Coming in that January, though, was Klaas-Jan Huntelaar. The striker was an alumni of the De Graafschap and PSV youth systems and was signed from Heerenveen after netting 17 times across his first 15 matches of the season. In Amsterdam, his impact was immediate and it was immense. In 16 league matches he scored 16 times for Ajax, while he also netted the opener in their Champions League last 16 tie against Inter Milan to give Ajax a fighting chance, before they ultimately went out 3-2 on aggregate. And in the Dutch Cup, Huntelaar scored in all three matches he played for Ajax, including both goals in the final against former side PSV, as the team from Amsterdam won the match 2-1 and claimed some silverware.

Huntelaar would only stay at the Amsterdam Arena for two more seasons before Real Madrid came calling, but his relationship with Ajax was a fruitful one for him, for the club and, eventually, for the national team. Not only did he score 117 goals in 165 matches for the club, but he also started to become more associative and he was providing one assist for every four goals he scored, which was much more charitable than the one assist per 13 goals he scored for Heerenveen. It would be a reach to suggest that Huntelaar fully converted to the Ajax 4-3-3 style of total football during his brief stint at the club, but the philosophy certainly rubbed off on him and this would come in handy when on national team duty.

The last of the seven 2010 World Cup squad members to represent Ajax in that 2005/06 season was Gregory van der Wiel. Born in 1988, he is the youngest member of the Ajax seven and was just 17 in the summer of 2005, when he re-signed for Ajax after previously being shipped out of the academy to HFC Haarlem at the age of 14 because of a poor attitude. He was recalled for a trial at a youth tournament in Italy, where Ajax’s kids would take on counterparts from Juventus and Partizan Belgrade, and the young defender played well enough to be welcomed back to Toekomst. There, he improved and improved and the following season would get his break, debuting for the first team and eventually becoming a regular.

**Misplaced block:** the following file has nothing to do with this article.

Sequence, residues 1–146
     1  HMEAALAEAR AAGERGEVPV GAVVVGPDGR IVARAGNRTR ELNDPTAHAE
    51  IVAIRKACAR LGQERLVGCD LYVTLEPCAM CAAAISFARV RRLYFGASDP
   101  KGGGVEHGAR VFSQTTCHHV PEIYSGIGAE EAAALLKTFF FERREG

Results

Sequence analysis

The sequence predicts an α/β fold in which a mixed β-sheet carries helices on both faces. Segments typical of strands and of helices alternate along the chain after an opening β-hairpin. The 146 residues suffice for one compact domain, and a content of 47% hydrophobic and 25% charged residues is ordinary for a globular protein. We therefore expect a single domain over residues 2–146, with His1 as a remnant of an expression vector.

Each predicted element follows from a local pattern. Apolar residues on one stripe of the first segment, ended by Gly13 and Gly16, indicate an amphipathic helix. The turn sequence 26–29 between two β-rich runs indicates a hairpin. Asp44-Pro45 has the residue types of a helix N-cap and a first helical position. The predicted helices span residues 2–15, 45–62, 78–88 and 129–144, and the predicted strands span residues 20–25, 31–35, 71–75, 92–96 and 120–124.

Even if Holland’s style of football in South Africa wasn’t the kind which Johan Cruyff approved of – in fact, he was explicitly critical of Van Marwijk’s approach – it cannot be denied that this time together at the Ajax academy was essential for some of the chemistry and understanding on display as Holland marched past Slovakia, Brazil and Uruguay. It was the kind of “physical chess” that David Winner wrote about in ‘Brilliant Orange’ and it was almost automatic.

“At Ajax, you do things again and again and again, then you repeat it some more times,” Van der Wiel put it in an interview with the New York Times. After the nth time, a through ball to Sneijder or covering for Heitinga at a set piece surely becomes natural.

Stekelenburg, Heitinga, Sneijder, De Jong, Huntelaar, Babel and Van der Wiel came to know each other at Ajax and in some cases they’d played together for a decade, helped by the fact that age groups in the Ajax academy often mix with older and younger players to provide unique challenges. Khalid Boulahrouz, André Ooijer, Eljero Elia, Sander Boschker and Rafael van der Vaart may have all departed Amsterdam by the time of that 2005/06 season, but they had been moulded by the coaches at Toekomst too.

This all led to a memorable World Cup run. Had it not been for one Andrés Iniesta goal, 2010 might have ended up being one of the very proudest years in Ajax’s storied history.

Series: Pivotal Seasons

2007-2008 at Celta Vigo: When Spain’s three top forwards were forged 2008-2009 at Hamilton: When Wigan’s FA Cup-winning midfield was born 2005-2006 at Ajax: When seven World Cup finalists grew up together 2002-2003 at Barcelona: When Piqué, Fàbregas and Messi became telepathic